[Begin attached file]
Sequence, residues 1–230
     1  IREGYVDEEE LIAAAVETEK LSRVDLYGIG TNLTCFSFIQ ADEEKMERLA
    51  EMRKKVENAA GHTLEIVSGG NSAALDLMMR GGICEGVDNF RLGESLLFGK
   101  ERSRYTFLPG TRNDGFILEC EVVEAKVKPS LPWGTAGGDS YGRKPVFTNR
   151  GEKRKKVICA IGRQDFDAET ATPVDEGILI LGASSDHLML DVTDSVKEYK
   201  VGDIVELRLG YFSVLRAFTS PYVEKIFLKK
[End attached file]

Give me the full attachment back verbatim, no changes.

Sequence, residues 1–230
     1  IREGYVDEEE LIAAAVETEK LSRVDLYGIG TNLTCFSFIQ ADEEKMERLA
    51  EMRKKVENAA GHTLEIVSGG NSAALDLMMR GGICEGVDNF RLGESLLFGK
   101  ERSRYTFLPG TRNDGFILEC EVVEAKVKPS LPWGTAGGDS YGRKPVFTNR
   151  GEKRKKVICA IGRQDFDAET ATPVDEGILI LGASSDHLML DVTDSVKEYK
   201  VGDIVELRLG YFSVLRAFTS PYVEKIFLKK